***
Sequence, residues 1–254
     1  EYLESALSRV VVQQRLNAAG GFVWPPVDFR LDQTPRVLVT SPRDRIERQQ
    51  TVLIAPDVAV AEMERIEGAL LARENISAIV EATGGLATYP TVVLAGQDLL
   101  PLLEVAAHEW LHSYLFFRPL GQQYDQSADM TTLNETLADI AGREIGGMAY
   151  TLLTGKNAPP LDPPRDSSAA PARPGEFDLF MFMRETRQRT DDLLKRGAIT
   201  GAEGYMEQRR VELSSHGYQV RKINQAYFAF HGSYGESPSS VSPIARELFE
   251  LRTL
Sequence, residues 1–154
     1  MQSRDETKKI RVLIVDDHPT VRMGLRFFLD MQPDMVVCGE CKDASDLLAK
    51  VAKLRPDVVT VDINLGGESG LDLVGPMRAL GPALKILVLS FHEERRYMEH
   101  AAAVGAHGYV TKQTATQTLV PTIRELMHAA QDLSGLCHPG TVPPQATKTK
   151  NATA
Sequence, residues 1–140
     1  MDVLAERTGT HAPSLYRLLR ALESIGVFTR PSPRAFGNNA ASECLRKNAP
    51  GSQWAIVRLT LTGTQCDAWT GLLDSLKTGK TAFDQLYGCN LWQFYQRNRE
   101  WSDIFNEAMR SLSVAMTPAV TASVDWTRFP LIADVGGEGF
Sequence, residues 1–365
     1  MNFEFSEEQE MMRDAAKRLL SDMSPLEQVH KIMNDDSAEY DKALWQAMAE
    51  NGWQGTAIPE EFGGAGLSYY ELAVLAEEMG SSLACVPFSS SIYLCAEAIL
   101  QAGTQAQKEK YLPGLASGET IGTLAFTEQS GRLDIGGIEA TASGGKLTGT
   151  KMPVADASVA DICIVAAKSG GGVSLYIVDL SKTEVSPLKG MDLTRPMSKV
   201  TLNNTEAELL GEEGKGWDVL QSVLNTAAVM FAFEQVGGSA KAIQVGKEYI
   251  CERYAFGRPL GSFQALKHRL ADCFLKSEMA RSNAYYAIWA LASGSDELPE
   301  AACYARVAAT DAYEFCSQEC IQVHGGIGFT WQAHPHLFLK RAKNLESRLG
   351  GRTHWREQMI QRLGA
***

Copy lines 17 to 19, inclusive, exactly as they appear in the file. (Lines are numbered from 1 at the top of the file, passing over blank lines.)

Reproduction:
Sequence, residues 1–365
     1  MNFEFSEEQE MMRDAAKRLL SDMSPLEQVH KIMNDDSAEY DKALWQAMAE
    51  NGWQGTAIPE EFGGAGLSYY ELAVLAEEMG SSLACVPFSS SIYLCAEAIL